While my parents are undoubtedly in fervent prayer by this point in this piece, and knowing it probably sounds counterintuitive to many of those in the community of believers, I think losing my religion is helping me keep the faith.



5 Comment

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  1. I’m a 52 been a member of a church for close to 30 years and things are going backwards & haywire if I could use such term! This article was just a conversation between me and my friend yesterday standing in the middle of a closed down “toys r us” building that is now being used for a seasonal Halloween store! We talked on tradition, dress code( they said come as you are then put pressure for you to change your attire)! Wow! We wear white every first Sunday for communion which is more are less a requirement but your clothing is not what God cares about( everything in moderation of course)! Just so many stipulation (made by man/woman)! One of the questions that was address in the article is one I’ve asked over and over we can’t be the only ones going to heaven with all this religion stipulations! Some churches and people act that way! I could go on & on but let’s just say good article and I total get it!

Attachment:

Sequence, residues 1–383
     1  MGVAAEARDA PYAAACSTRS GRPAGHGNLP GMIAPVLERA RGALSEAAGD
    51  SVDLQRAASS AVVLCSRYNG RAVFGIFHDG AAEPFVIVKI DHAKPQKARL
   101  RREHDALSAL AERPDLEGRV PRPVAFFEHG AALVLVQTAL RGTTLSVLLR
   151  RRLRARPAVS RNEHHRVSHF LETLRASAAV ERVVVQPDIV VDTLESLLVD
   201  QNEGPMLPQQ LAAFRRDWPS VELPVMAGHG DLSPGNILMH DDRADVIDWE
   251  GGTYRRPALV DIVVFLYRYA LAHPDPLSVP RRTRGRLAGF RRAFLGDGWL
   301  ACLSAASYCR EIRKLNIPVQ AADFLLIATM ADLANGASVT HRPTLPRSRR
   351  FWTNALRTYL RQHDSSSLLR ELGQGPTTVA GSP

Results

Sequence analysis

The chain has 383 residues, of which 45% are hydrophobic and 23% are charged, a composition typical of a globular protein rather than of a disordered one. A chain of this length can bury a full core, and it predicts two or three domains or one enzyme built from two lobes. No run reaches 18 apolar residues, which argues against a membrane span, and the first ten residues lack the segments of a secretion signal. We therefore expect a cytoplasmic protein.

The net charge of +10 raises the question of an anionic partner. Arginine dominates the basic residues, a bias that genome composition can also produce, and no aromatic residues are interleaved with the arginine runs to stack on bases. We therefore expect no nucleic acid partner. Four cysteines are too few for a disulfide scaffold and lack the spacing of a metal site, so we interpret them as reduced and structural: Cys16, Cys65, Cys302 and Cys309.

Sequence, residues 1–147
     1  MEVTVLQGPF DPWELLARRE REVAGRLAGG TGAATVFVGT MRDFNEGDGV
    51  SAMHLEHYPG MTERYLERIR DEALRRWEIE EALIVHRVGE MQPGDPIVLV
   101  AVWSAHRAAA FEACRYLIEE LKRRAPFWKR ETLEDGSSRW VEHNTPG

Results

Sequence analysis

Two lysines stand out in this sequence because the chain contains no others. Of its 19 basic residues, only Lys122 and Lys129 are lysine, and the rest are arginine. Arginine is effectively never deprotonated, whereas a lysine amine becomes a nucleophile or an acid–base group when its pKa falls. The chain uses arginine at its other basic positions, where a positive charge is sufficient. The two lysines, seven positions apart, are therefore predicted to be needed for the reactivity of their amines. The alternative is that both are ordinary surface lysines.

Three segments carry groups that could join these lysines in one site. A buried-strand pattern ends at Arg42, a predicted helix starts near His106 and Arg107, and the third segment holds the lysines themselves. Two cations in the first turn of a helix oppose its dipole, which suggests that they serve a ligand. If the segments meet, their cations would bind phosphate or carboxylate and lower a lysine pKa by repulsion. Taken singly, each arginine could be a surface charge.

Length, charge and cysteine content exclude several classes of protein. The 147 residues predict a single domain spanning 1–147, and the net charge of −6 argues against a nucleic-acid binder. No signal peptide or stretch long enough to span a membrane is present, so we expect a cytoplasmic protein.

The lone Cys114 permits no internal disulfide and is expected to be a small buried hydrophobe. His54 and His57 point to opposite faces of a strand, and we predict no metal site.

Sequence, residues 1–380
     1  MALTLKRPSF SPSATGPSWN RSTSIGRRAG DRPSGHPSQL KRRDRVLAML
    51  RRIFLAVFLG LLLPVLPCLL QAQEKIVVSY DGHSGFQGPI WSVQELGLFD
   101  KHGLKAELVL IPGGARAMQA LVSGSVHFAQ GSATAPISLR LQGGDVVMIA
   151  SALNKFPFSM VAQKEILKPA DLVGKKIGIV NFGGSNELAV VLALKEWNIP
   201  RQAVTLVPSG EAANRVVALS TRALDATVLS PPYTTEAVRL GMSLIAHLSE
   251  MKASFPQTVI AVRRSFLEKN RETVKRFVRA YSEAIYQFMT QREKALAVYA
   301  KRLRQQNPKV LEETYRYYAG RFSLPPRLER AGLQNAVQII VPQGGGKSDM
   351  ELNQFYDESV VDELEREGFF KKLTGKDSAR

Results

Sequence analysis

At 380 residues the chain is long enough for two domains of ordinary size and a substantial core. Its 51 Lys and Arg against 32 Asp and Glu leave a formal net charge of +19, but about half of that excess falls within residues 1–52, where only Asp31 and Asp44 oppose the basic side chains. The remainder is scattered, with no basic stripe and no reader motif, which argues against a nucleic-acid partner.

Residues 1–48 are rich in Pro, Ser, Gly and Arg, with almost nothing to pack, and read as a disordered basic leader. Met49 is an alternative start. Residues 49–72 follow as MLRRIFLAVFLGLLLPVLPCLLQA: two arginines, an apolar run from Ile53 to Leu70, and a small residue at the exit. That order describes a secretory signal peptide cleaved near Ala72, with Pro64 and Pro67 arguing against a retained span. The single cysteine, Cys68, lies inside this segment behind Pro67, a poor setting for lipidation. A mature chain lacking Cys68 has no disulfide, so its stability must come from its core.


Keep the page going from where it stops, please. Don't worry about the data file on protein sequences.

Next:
2. Amazing article….thanks

  3. There are questions in this life we are not meant to know, i believe the more you read the bible and the closer you become to Jesus a lot of these things don’t matter and thats where faith comes in and tells us that God has all the answers and that when he wants us to know, we will, whether in this life or the hereafter.

  4. Thank you Jarrett Hill for this article. Your article was right on point and the reason why there are so many wandering through life today without a relationship or who no long serve in a household of faith.